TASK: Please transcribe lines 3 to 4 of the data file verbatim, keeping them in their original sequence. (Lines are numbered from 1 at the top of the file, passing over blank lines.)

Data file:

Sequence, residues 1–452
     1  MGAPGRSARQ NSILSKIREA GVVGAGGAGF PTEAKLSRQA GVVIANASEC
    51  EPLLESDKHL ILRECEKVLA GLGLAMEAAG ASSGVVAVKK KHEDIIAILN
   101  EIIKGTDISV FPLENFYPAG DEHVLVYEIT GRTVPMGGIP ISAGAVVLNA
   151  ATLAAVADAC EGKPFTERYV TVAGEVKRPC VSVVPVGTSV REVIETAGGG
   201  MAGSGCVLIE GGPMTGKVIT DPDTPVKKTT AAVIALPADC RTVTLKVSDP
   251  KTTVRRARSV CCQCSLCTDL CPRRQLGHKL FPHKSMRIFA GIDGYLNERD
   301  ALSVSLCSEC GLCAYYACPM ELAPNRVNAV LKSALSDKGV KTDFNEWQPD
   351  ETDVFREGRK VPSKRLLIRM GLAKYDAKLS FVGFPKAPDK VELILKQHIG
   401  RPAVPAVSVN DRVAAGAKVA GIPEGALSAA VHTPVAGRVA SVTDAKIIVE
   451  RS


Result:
    51  EPLLESDKHL ILRECEKVLA GLGLAMEAAG ASSGVVAVKK KHEDIIAILN
   101  EIIKGTDISV FPLENFYPAG DEHVLVYEIT GRTVPMGGIP ISAGAVVLNA